Calculated risk-taking, bitcoin crude oil contracts, stablecoin backing, and SegWit:LN::Taproot:Taro
A discussion of four major themes in bitcoin front of mind.
When bitcoin is referred to as solely a currency and its failures as such are identified, critics are missing the point of this network entirely. Yes, the bitcoin software allows for transactions, and using a wallet to send or receive bitcoin certainly makes it feel like a currency, but bitcoin’s identity extends far beyond the transactions that fill its nearly half terabyte blockchain. Today’s note is a bitcoin state-of-the-asset report, traveling through four important narratives, each individually supporting future growth.
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The hypocrisy of bitcoin critics, especially from American and Western European politicians, can be, in a word, absurd.
Crude oil contracts denominated in bitcoin will be among us soon.
Terra’s stablecoin purchasing bitcoin as a reserve asset is groundbreaking and a classic example how bitcoin already serves as the world’s digital reserve currency.
Lightning Labs has blown my mind with its Taro protocol announcement today.
A most powerful financial tool
Do you like The Onion? Their fictitious headlines make me laugh, personally. It is troublesome, however, when headlines and tweets that should be satirical are instead delivered with exacting purpose. Congresswoman Norma Torres, from California’s 35th district and serving since 2015, made one such announcement recently:
Congressman Rick Crawford, from Arkansas’ 1st district and the other side of the aisle, joined Torres in an announcing an abomination of a bill about El Salvador’s bitcoin adoption. Our policy makers now want to mitigate potential risks to the United States financial system because a small Central American nation, already without its own currency, decided to employ a computer network merely alongside the United States dollar? This bill echoes of the IMF’s earlier critiques of El Salvador’s decision, with no balance in assessing the potential benefits.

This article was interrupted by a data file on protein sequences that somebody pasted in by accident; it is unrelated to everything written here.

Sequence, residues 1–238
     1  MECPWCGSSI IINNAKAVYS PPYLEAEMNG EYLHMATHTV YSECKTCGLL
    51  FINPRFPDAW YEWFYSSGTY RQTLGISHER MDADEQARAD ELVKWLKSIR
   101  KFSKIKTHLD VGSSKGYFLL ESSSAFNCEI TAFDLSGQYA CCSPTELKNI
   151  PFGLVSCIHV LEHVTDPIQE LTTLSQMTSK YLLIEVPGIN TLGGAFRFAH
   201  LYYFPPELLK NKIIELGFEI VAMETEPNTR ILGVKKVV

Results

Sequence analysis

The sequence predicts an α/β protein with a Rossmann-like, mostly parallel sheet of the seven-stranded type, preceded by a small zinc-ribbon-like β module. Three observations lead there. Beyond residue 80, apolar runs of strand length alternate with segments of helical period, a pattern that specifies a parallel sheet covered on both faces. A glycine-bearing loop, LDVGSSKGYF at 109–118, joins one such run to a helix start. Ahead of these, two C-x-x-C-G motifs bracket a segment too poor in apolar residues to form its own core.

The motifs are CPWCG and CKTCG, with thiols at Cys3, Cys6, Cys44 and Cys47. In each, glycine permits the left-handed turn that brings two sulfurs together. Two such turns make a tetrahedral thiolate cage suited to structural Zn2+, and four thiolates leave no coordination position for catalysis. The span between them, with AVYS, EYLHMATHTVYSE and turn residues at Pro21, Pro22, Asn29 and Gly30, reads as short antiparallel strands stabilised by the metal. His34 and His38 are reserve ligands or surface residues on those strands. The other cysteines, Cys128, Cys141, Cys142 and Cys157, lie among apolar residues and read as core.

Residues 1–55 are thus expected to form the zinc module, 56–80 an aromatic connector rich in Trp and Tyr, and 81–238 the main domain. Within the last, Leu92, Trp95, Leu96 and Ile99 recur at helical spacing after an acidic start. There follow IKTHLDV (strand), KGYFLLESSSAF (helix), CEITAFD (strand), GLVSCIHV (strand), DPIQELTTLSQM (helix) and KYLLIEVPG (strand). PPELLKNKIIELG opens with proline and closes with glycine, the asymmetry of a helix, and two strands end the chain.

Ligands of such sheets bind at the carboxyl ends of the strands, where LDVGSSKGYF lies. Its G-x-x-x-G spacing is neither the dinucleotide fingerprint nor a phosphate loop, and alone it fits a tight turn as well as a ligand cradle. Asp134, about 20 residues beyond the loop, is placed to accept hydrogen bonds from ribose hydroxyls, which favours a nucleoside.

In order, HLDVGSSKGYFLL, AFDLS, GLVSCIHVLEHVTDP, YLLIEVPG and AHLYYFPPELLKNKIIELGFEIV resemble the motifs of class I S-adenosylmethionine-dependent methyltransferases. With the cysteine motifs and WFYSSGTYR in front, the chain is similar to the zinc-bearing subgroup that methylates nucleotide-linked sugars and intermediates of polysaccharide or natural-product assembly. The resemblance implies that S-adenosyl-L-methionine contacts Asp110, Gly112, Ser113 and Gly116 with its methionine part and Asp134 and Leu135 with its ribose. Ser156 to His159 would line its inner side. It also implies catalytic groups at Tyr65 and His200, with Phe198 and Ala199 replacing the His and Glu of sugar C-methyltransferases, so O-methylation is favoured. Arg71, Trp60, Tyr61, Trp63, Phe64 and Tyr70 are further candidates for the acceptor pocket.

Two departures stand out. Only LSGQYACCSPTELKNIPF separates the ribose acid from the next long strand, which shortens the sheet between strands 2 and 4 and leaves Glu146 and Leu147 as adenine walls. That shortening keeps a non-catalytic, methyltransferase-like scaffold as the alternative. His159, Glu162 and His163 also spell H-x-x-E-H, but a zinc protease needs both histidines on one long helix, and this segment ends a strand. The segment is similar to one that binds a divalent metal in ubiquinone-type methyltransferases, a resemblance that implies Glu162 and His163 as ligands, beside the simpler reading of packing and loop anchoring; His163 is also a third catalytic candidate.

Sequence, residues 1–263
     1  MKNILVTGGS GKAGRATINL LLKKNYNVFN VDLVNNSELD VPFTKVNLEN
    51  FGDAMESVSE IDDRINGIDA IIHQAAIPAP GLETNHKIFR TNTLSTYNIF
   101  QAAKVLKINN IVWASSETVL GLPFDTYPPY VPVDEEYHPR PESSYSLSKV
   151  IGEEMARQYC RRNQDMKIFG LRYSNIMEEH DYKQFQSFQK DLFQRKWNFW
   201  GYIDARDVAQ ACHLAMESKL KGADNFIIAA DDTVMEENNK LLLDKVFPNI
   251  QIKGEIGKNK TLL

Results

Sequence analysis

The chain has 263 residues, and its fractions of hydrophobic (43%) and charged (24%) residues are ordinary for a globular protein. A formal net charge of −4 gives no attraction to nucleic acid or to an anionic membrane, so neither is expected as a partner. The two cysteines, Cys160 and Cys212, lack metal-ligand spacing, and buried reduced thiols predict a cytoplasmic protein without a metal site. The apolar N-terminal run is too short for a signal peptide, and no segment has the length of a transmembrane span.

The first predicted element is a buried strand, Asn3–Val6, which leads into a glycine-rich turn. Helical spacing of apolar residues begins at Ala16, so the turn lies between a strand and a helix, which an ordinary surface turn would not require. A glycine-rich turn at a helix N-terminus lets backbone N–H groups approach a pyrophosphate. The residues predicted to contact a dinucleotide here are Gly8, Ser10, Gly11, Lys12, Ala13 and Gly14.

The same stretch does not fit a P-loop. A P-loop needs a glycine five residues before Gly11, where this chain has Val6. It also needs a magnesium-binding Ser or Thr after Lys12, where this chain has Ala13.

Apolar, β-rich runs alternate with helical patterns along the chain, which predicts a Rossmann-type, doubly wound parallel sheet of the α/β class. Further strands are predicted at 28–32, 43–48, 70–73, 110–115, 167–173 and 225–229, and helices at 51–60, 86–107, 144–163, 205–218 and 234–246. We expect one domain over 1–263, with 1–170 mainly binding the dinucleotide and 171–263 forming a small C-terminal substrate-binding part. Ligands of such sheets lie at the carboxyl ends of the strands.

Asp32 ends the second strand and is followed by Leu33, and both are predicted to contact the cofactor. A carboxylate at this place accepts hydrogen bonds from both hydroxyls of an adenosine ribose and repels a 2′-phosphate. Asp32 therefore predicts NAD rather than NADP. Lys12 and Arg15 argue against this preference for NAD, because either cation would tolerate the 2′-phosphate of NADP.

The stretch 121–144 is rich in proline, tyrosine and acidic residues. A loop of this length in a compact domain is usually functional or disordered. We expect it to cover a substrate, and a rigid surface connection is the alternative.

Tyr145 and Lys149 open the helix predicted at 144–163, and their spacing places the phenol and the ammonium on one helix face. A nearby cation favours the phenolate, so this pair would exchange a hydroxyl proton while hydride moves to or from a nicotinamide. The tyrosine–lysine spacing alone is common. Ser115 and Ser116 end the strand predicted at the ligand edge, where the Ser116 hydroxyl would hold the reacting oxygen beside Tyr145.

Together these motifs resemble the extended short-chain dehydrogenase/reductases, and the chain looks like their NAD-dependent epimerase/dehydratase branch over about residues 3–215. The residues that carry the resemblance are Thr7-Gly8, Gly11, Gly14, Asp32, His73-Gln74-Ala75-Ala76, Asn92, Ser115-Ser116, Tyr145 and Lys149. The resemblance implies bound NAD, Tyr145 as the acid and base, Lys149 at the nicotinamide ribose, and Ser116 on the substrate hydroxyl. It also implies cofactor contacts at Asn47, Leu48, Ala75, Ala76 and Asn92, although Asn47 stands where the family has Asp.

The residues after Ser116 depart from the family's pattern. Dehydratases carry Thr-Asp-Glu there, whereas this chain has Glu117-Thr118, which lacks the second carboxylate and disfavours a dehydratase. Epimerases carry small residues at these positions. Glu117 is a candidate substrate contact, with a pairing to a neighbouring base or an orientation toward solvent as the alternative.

The proposed “Accountability” Act is part of an agenda to discredit the efforts of millions choosing an algorithmic monetary policy over central banker and government promises to maintain purchasing power. Why a Democrat from California and a Republican from Arkansas feel the need to bully a small nation’s courageous economic experiment would be beyond comprehension if I was not so cynical as to think that Torres and Crawford have lobbyists drafting this legislation for them. Take your own guess on who these lobbyists represent, but I doubt they are citizens from California’s 35th district or Arkansas’ 1st.
My primary concern with the bill’s announcement is the characterization of El Salvador’s actions as a “careless gamble.” President Nayib Bukele is certainly a maverick, and I would not even disagree with describing his move as a gamble. But it is far from careless. El Salvador is long without its own currency and monetary policy. Its people use the dollar. Bukele has introduced an economic environment that allows for simultaneous usage of both the dollar and bitcoin. He’s investing the country’s reserves, in relatively modest amounts, in bitcoin, while also investing in mining expeditions that harness geothermal power from volcanoes. Does any of this sound careless? I believe it sounds calculated, and to quote Alex Gladstein’s new book title, these politicians must immediately check their financial privilege. As a collective of investors, businesspeople, and citizens, it is our responsibility to repudiate bitcoin critiques cloaked as protecting human rights. Whether Bukele is a saint or another headstrong, misdirected global leader is irrelevant—we should encourage the experiment and eagerly await any empirical data that proves it to be a failure or success.